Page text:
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Our Stories - Legal Ladies

Seek The Truth Blog

Our Stories - Legal Ladies:

Growing up in the Collins family, it was always awkward when our family was discussed. There was a general respect given to members of our family, simply because my grandfather was the pastor of William Branham's "Branham Tabernacle" in Jeffersonville, IN, and my grandfather was one of those "blessed" enough to know the "prophet". We were often given undue respect, without having earned it, by members of the "Message" throughout various churches in the United States. My grandfather promoted this, by claiming that William Branham said that "all of his children and his grandchildren would be saved".

It did not take long for me to realize that the Collins family had a "public face" and a very "private face". While promoting this strange idea of "unmerited salvation" in public, my grandfather, aunts, and uncles spoke very negatively about my aunt Ruth in private. Often as a child, I overheard conversations about her "prostitution", and they did not describe her as simply a sex worker. I was thoroughly convinced that my aunt Ruth was a "madame", and that her company "Legal Ladies" was a front for a prostitution ring. These discussions continued well into my teenage years. It was very confusing to hear my grandfather and those around me praising and respecting my aunts and uncle simply for William Branham's "blessing of salvation" while thinking that she was involved in illegal sexual activity.

This created a strong barrier between us. Even after leaving the "Message", my views of her was tainted by false accusation. It wasn't until I began researching my own family and their claims surrounding the "Message" that I understood that family "small talk", both public and private, was grossly inaccurate and often completely untrue. Especially when I began to uncover the large amounts of money my family members were collecting at the expense of other "Message" believers. It took much time and careful re-evaluation of my childhood beliefs to break through this barrier and get to know the real person whose character had been destroyed.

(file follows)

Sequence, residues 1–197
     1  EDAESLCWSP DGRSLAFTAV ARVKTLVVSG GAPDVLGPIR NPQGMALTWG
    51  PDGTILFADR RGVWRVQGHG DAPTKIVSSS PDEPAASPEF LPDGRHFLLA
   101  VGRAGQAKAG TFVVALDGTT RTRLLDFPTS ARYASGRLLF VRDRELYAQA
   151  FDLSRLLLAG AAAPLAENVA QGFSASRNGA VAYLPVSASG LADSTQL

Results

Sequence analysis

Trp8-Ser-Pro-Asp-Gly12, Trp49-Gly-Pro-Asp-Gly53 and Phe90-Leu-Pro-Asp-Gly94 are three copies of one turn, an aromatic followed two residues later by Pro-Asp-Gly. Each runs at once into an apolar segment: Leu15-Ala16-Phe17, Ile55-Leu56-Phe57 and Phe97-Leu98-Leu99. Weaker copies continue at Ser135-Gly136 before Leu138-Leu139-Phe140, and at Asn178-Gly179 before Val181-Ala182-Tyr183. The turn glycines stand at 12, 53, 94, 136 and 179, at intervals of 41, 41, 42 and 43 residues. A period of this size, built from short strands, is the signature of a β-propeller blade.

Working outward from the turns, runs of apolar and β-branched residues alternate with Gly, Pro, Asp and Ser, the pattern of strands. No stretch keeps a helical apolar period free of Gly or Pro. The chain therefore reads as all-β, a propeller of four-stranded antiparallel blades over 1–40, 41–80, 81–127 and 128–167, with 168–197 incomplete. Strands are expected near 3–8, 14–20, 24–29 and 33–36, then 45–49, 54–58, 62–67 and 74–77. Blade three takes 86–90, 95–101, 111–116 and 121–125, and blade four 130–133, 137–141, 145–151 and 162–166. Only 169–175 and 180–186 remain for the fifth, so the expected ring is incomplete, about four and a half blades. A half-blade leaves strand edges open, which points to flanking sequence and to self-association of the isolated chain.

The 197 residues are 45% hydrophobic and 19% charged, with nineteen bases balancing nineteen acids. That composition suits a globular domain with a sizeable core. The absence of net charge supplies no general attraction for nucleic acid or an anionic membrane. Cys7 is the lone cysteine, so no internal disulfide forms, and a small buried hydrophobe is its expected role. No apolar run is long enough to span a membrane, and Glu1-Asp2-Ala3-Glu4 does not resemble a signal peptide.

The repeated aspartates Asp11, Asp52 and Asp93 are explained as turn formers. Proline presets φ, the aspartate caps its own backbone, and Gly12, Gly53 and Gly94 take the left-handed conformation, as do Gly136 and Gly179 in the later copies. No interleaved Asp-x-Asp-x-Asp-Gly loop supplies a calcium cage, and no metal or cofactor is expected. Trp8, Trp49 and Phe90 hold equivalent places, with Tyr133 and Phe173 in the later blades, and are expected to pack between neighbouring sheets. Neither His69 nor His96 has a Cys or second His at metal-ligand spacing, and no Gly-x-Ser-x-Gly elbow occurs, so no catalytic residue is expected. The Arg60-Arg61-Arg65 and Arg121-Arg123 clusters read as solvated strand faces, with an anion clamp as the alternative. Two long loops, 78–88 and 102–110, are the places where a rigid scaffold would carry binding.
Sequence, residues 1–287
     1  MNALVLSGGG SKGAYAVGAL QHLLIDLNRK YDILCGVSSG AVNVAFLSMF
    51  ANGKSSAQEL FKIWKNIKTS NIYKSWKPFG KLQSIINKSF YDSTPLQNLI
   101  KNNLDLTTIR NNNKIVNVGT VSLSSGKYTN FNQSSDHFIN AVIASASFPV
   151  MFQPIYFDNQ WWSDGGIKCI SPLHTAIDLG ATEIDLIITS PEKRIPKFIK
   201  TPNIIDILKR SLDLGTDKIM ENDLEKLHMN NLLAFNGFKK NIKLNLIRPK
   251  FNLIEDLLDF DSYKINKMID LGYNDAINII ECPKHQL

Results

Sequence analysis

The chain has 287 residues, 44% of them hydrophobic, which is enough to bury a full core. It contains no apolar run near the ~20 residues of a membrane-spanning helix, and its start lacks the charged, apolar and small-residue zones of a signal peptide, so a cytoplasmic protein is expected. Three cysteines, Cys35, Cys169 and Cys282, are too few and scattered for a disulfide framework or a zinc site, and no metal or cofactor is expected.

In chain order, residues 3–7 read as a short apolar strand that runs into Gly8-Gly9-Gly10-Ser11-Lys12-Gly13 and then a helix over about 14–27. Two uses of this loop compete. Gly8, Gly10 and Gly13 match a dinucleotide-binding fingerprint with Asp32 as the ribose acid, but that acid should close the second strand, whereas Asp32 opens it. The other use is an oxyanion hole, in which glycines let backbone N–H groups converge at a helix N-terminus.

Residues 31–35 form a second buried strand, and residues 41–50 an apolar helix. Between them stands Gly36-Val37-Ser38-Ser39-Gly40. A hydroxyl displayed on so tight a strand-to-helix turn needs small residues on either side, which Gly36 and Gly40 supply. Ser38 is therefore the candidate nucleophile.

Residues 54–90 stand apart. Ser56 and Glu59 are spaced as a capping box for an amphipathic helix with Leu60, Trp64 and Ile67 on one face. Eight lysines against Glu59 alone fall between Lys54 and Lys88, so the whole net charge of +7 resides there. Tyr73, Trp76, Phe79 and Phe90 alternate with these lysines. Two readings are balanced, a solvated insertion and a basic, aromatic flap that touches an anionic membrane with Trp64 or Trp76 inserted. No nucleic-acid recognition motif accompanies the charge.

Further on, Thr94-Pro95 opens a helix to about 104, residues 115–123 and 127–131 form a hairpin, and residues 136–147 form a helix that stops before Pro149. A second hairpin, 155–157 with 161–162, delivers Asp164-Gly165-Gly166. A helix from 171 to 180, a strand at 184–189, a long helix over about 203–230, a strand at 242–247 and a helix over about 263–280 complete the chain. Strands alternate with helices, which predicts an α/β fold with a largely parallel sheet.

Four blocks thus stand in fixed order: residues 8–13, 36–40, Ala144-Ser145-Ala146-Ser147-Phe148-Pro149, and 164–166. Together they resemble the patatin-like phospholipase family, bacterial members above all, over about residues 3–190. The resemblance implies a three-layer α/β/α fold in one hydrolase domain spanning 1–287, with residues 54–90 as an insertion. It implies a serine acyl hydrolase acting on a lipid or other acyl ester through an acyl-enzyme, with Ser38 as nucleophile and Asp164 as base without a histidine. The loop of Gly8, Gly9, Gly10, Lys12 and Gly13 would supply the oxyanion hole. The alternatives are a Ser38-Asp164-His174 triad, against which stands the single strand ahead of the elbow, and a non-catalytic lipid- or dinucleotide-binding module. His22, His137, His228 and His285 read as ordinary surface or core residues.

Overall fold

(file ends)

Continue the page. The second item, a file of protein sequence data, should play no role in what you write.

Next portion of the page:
Now, with the power of electronic documentation, we can verify that Ruth's business "Legal Ladies" was, in fact, a business listed with Arizona's Pima County Bar Association, and that the accusations against her were in violation of the Ninth Commandment.

The document is now listed on our government records page:

Other government records:

This is her story:


After returning to Kentucky, I was shocked to learn the rumors which had been circulating to explain my absence from the family. Brother Branham taught that "scantily clad" women were guilty of committing adultery because their appearance "motivated" men to lust. Some of the believers of the "Message" had seen me wearing shorts. They let their imaginations go wild, and as the story was repeated, it was embellished. By the time the story reached Mom and Dad, it was told that I was working as a stripper in a nightclub and making my living as a prostitute. I had actually been working for high profile attorneys, was a member in good standing with the Pima County Bar Association, made an honest living, and never stripped naked in public nor once sold my body.

Mom and Dad let me know that "after the life you've lived" they considered it very generous of themselves to take me back into the fold and it was up to me to "make it right". They would never compromise their beliefs and were convinced Satan had gotten ahold of me and was using me to test their faith. I could have easily proven this story grossly inaccurate by showing them my income tax filings but Mom and Dad refused to even discuss it. They weren't about to take look at my income tax filings and insisted that they would take the word of a "believer" over an "outsider" any day of the week. They went to their graves believing all this garbage about me. When they were gone, I found comfort in knowing they finally knew the truth.

When all this came up, I seriously thought about tossing in the towel, packing up my things and returning to Arizona. Then I realized that was what Mom and Dad were all about. If I loved them, I had to accept them as they were without trying to change them. I knew that I loved them and decided to be just as doggedly stubborn as they were. There had to be a way to get along with them and I was determined to find it without compromising my beliefs or destroying my value system. This journey to reconciliation was going to be a lot tougher than I had anticipated.

- Ruth Collins